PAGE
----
I spent part of the week between Christmas and New Year’s Day preparing the three books of my Perry Sachs novels for e-books. Perry Sachs is a unique engineer who travels the world building secret government structures. In his spare time, he undertakes impossible adventures in unusual places. He and his team encounter mystery and danger and still manage to keep a decent sense of humor.
To make the books available as e-books required a little touch up work. As I worked my way through the three novels fixing this and that so they would be in the correct format for Kindle, Nook, Smashwords (which puts them on iBooks, Sony, Kobo, and others as well as selling the works on their own site, I began--as I often do--talking to myself. “Hmm, I shouldn’t have used so many attributions.” “I could have tightened that sentence more.” “I know longer use that phrase.”
You get the idea. I was self-editing books that had already been through several edits. Turns out, when it comes to my work, I’m a constant malcontent. Granted, the books were written over a span of three years starting in 2004 and I’ve a learned one or two things since then. That’s the point. Writers are constantly trying to be better writers.
That’s all well and good, but professional writers have a problem: they have to publish to get paid. Unfair, I know, but such is life in this fallen universe. There is a story authors like to tell about how C.S. Lewis had to prod J.R.R. Tolkien to stop fussing with his manuscript and send it to the publisher. There comes a time to let our work loose in the wild to make its own way. There are, after all, more books, articles, essays, and the like to write.
So, I took a hands-off approach. I reminded myself the book got a good edit before. Sure my writing “values” changed but they weren’t wrong before, just different.
Yes, Virginia, it is possible to suffocate your work. The two harshest realities new writers confront is: 1) Writing is a business; 2) There is no such thing as a perfect work.
When my children were little, I took them to the park to help them learn to ride a two-wheeler. I held the back of the bike’s seat and jogged alongside. Then the moment came. I had to let go. Man, that was difficult. I knew, just knew, that the front wheel would go off course throwing my child to the hard concrete, Or, the bike would become possessed and speed onto the busy street (Hey, I’m a suspense writer. This stuff goes on in my head all the time.)
I learned to let go and watched my kids peddle off without me. It wasn’t easy. The same can be said of writers and their work.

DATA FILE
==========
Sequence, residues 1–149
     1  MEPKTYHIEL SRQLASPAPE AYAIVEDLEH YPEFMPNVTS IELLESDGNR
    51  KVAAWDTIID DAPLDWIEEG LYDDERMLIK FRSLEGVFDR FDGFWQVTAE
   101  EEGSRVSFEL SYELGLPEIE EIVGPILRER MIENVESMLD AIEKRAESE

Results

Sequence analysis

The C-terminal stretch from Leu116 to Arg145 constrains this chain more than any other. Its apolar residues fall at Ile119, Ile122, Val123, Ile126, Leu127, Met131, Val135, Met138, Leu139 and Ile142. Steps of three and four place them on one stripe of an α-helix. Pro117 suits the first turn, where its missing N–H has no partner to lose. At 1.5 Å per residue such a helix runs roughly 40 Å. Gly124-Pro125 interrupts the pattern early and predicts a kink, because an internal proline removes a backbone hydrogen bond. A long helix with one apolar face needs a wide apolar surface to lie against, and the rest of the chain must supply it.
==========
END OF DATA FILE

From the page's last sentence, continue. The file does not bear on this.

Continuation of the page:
Of course, the flip side--not caring if the work is any good or not--is worse, but most writers don’t suffer from overconfidence.
Okay, this is where I turn this blog post into an advertisement: The Perry Sachs trilogy is now available through most online retailers (a few take longer to process things).
A Treasure Deep
Treasure-unbelievable, historic, and dangerous-awaits famed engineer Perry Sachs. Buried just outside Tejon, California, the ancient booty is rigged with enough booby traps to send would-be fortune hunters into early retirement--or the grave. But Perry is no mere fortune hunter. He and his team of workers tackle the task with vision and faith while avoiding the increasingly desperate attacks of a modern-day murderer. What is buried in the California soil? Something that will change the world and could cost Perry his life.
Beneath the Ice
At the bottom of the world lies a secret: a mysterious object buried three miles beneath the Antarctic ice. Famed engineer Perry Sachs and his crew are assigned an impossible excavating job in the middle of the polar winter. Facing subzero temperatures, shifting ice, and the opposition of men determined to erase all knowledge of the expedition, Sachs and his team go where no human has gone before. There, they discover an enigma-one that may change the way the world looks at life. . .and faith. Author Alton Gansky presents a fast-moving, smart suspense thriller that's a perfect follow-up to A Treasure Deep.
When Perry Sachs, engineer, takes a team to Antarctica, he discovers secrets lurking beneath the ice, he is unaware of its full impact or of the forces intent upon reaching it. Finds an artifact hidden for thousands of years.
While Henry Sachs lies in a hospital bed, dying from a mysterious illness, Perry must uncover the secrets of his father's past to try to save his life. Perry believes that Henry's condition stems from a time when he worked to investigate a secret underground base not built by the U.S. After a year of research yielded almost no information, a drastic decision was made: To prevent the base's unknown builders from ever returning a dam was built, flooding the area. What holds Henry Sachs in its grip? Can Perry face his toughest excavation yet--and find out before it's too late?